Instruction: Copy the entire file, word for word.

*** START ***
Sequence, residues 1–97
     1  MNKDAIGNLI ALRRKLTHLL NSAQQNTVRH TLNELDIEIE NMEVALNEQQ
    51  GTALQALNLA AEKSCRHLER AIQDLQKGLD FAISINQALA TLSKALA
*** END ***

Sequence, residues 1–97
     1  MNKDAIGNLI ALRRKLTHLL NSAQQNTVRH TLNELDIEIE NMEVALNEQQ
    51  GTALQALNLA AEKSCRHLER AIQDLQKGLD FAISINQALA TLSKALA